Noticing what isn’t there: Terry McCrann on the PM’s confab

One skill in thinking that I encourage my students to develop is to notice what is missing from a picture or an argument – what isn’t there, which might be important.

As Sherlock Holmes noted in the story of Silver Blaze, a most important clue was provide by ‘the dog that didn’t bark’.

Terry McCrann thinks along these lines in his column in the Weekend Oz of October 3-4, concerning the new Prime Minister’s summit of everybody who agrees with him about what he thinks are important issues:

Those “returning to the table” things were all varieties of tax increases – principally, the superannuation tax concessions, capital gains tax and negative gearing concessions.

Consensus on this was hardly surprising. Representatives of those interests were not at the table on Thursday. And the interests that were are in the main “takers” from the taxpayer purse; so they are more than happy to vote for a fatter purse.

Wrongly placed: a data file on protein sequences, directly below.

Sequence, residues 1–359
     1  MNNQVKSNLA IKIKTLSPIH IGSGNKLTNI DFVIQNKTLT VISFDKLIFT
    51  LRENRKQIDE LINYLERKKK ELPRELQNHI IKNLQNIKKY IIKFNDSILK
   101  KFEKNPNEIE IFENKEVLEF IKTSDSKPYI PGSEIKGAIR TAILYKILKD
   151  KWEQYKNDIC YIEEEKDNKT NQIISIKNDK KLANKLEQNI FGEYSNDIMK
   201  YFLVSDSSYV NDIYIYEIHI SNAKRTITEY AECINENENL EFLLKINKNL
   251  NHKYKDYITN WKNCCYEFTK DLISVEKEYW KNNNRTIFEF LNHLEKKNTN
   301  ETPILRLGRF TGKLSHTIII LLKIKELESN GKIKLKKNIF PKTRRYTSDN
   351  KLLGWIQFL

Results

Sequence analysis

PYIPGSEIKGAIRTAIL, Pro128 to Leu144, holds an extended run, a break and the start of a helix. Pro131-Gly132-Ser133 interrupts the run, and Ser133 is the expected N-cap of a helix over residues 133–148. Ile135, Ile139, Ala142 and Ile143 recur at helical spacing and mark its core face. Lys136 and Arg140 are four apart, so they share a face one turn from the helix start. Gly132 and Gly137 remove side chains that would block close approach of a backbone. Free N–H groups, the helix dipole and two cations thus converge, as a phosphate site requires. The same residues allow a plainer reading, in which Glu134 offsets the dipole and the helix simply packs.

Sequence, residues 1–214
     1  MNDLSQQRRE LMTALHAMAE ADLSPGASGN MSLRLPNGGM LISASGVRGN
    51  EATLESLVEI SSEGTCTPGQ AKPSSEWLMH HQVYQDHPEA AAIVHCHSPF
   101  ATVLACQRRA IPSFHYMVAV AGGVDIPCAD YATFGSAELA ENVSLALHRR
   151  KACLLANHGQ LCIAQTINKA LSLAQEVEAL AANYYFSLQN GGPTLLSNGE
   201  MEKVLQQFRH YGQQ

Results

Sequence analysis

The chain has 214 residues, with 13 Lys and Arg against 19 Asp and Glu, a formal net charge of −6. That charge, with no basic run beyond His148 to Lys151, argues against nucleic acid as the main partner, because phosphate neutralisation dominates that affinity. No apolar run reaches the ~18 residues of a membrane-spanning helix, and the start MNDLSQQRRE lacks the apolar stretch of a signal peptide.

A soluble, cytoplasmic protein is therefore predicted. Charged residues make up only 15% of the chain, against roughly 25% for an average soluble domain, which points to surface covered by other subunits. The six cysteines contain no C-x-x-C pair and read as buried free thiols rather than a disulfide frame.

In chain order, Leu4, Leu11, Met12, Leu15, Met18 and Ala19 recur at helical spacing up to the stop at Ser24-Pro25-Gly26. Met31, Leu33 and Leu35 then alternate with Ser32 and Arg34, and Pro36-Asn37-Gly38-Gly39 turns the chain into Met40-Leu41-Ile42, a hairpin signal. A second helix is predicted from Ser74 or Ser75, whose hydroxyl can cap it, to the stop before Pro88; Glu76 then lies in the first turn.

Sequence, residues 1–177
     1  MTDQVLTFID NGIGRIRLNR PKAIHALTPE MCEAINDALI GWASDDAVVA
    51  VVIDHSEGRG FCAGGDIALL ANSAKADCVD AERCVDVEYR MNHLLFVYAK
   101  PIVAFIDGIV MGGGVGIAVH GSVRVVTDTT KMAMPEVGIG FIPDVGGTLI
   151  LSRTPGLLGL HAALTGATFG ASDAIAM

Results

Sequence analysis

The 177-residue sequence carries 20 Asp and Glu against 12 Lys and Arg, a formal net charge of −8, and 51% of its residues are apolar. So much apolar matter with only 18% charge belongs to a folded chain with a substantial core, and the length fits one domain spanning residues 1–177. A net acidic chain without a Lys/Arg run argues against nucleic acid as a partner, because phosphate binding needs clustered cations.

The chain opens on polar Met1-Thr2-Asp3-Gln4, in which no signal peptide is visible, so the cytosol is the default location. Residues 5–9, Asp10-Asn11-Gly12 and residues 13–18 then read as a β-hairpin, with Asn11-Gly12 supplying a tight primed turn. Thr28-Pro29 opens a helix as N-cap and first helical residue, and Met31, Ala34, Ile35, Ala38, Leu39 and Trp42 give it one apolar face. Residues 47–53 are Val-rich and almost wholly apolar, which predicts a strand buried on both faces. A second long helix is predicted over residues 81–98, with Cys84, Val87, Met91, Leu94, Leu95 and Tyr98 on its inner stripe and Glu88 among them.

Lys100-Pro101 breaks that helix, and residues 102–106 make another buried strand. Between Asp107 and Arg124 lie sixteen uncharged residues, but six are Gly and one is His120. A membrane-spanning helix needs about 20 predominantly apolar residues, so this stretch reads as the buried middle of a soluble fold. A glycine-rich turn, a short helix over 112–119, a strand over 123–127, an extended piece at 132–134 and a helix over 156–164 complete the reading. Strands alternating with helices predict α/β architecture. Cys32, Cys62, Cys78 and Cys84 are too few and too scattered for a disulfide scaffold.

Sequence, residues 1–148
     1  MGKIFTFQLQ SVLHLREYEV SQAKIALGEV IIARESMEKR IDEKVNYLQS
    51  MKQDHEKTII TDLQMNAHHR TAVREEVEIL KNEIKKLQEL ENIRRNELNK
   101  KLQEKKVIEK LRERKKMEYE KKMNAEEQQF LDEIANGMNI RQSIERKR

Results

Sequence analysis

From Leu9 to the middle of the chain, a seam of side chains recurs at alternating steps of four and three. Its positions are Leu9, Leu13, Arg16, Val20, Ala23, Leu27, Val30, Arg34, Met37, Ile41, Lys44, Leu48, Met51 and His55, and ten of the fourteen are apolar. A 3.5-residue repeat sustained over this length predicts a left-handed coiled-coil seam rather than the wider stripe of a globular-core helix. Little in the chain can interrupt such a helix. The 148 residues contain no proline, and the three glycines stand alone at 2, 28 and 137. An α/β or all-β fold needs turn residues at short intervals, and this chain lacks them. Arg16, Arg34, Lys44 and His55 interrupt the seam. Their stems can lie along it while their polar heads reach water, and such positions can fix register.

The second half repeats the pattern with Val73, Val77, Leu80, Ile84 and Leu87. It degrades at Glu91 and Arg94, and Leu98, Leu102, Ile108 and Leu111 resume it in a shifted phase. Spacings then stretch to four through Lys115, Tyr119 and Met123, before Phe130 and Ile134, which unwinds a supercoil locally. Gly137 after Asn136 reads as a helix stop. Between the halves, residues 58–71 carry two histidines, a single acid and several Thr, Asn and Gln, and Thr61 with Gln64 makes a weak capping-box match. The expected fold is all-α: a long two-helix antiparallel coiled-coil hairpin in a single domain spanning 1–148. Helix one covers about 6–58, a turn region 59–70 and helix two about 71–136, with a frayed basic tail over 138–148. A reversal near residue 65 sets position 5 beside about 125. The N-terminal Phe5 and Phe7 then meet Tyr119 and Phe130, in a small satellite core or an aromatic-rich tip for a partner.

This brings us to the bigger issue of who wasn’t there: the opposition and the general voter and taxpayer. Neither was reality.

Well done, Terry.

Advertisements

About Stebbing Heuer

A person interested in exploring human perception, reasoning, judgement and deciding, and in promoting clear, effective thinking and the making of good decisions.
This entry was posted in Good Thinking, Sound Reasoning and tagged . Bookmark the permalink.

Leave a Reply

Fill in your details below or click an icon to log in:

WordPress.com Logo

You are commenting using your WordPress.com account. Log Out / Change )

Twitter picture

You are commenting using your Twitter account. Log Out / Change )

Facebook photo

You are commenting using your Facebook account. Log Out / Change )

Google+ photo

You are commenting using your Google+ account. Log Out / Change )

Connecting to %s